What happens in a live music setting that doesn’t happen elsewhere? What relationships exist between performers and audiences? And why do concerts matter to our public lives? These are questions that music professor Steve Waksman seeks to answer with his latest research project.
/ Published May 15, 2013
What is it about live music that brings different kinds of people together? That’s what Steve Waksman wants to know, and he has dedicated the last three years to investigating it. A professor of music at Smith, Waksman has undertaken what he believes to be the first scholarly and historical survey of how live music influences American culture.
His intellectual analysis forms the foundation for a new book, tentatively titled Live Music in America: A History, 1850–2000.
For Waksman, the research strikes a personal chord. He loves music. He has played the guitar since the age of nine. His collection of record albums, CDs and MP3s spans heavy metal, punk, jazz, rap, country, blues, techno and salsa, among other genres. He regularly attends concerts, and he’s devoted his professional life to the study of music. “In any kind of live music situation, people are experiencing very powerful things,” says Waksman. “They’re experiencing something that I would describe as a sense of community; they’re trying to find a place where they are connected to something.”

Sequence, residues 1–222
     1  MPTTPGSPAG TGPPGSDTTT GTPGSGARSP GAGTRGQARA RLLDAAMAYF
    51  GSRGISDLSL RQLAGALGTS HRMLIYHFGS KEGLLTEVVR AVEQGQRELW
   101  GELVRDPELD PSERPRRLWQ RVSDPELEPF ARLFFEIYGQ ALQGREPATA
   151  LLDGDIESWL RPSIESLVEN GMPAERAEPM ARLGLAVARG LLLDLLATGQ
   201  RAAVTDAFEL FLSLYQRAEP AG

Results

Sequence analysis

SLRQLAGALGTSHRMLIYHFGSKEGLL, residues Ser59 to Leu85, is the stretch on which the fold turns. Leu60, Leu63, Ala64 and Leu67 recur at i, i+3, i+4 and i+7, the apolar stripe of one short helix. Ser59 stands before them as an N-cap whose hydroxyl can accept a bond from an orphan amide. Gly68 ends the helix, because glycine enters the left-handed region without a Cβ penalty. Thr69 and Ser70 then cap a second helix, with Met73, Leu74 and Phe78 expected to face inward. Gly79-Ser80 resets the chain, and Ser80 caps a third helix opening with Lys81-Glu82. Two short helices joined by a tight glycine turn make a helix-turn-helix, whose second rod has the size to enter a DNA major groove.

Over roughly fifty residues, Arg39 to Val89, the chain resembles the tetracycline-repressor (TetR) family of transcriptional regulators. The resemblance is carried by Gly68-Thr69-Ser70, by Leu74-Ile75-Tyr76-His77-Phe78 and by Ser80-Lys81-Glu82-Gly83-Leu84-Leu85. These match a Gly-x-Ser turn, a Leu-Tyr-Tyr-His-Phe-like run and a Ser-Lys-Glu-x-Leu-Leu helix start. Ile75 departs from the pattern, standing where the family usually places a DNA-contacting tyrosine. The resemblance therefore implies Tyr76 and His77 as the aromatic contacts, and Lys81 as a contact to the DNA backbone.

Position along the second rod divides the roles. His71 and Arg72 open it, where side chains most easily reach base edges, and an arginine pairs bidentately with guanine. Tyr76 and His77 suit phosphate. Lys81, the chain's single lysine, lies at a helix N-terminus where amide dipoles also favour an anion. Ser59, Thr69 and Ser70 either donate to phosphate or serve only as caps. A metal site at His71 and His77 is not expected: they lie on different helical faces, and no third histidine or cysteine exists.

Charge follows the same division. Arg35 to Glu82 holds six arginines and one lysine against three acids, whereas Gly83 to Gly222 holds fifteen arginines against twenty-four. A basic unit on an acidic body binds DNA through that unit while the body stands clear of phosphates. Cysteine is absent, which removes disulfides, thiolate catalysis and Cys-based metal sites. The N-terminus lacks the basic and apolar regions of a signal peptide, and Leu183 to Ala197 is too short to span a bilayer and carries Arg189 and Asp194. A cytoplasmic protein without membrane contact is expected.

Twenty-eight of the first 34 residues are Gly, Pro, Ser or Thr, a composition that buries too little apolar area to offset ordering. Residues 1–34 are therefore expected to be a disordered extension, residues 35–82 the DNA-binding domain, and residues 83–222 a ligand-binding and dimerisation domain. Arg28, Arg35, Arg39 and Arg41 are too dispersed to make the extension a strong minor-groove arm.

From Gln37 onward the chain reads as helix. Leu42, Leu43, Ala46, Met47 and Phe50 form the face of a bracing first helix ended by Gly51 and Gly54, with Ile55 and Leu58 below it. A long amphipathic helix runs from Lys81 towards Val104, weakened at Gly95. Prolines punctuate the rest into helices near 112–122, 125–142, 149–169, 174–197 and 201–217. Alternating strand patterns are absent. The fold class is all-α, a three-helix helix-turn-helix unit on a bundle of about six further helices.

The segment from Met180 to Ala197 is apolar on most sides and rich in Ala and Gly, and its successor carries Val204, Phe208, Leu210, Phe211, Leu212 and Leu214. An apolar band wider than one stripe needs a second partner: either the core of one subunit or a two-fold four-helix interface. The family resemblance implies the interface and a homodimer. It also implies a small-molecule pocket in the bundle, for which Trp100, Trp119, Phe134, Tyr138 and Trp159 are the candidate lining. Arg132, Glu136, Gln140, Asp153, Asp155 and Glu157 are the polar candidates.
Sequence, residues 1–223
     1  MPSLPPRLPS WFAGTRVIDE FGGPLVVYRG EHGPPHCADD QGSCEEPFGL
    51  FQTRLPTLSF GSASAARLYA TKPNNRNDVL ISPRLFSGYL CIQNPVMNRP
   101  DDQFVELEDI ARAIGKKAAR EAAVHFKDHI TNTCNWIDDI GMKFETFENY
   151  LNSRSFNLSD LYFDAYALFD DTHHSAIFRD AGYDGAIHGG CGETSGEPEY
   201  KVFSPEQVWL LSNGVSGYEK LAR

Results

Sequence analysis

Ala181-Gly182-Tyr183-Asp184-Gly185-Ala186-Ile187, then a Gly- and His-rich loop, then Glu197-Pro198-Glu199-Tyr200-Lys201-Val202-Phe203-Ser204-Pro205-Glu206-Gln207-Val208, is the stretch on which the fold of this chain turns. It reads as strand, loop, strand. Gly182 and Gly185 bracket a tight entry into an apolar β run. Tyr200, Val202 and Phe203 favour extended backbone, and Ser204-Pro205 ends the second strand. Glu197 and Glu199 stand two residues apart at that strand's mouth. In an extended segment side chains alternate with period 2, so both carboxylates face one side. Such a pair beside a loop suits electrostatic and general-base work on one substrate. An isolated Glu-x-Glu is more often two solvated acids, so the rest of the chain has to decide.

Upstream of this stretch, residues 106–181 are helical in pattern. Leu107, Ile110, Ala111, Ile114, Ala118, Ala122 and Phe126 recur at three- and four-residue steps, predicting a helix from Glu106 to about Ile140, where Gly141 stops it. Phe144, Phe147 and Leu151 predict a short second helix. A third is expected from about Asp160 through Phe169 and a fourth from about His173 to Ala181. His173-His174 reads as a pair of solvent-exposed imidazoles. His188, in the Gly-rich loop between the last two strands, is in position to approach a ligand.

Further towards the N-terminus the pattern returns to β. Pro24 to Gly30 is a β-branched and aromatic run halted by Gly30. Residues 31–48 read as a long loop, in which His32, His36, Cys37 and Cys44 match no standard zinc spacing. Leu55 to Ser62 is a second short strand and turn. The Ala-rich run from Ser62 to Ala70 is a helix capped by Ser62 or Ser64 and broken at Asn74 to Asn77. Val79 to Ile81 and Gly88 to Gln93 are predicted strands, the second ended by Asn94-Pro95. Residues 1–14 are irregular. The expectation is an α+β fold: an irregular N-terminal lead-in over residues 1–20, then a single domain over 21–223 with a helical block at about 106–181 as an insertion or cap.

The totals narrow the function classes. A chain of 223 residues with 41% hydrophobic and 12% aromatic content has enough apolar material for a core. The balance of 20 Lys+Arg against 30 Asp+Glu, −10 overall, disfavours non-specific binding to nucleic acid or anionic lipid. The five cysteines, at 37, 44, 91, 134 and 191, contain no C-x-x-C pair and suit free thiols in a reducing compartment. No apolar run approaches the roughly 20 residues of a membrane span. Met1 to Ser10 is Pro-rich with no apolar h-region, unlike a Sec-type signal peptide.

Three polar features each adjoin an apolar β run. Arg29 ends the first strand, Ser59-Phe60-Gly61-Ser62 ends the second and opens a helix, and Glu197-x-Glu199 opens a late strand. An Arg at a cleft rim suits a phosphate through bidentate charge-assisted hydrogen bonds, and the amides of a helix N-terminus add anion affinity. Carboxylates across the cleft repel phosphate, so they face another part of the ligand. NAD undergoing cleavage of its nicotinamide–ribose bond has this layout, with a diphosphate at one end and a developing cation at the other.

Waksman is interested in researching the history of American popular culture, especially music, during the 19th and 20th centuries, and how race and gender intersect through music. In writing Live Music in America, he addresses a number of questions, including, What happens in a live music setting that doesn’t happen elsewhere? What relationships exist between performers and audiences? And, why do concerts matter to our public lives?
Waksman’s investigation begins in 1850, when Swedish opera singer Jenny Lind came to America at the invitation of P.T. Barnum. Known as the Swedish Nightingale, Lind was the kind of performer that America hadn’t yet seen, and her visit was front-page news for months before she arrived. Her concerts were heavily and widely promoted, and when Lind finally set foot on stage, she was greeted by crowds more massive than any other touring artist had experienced at that time. Everywhere she went, Lind attracted audiences of mixed age, gender and class. Her story matters, Waksman says, because she was one of the first defining figures of mass culture, someone who appealed to Americans across class. Her U.S. tour of more than 90 cities was a turning point “in the way that music occupied public life in the U.S.”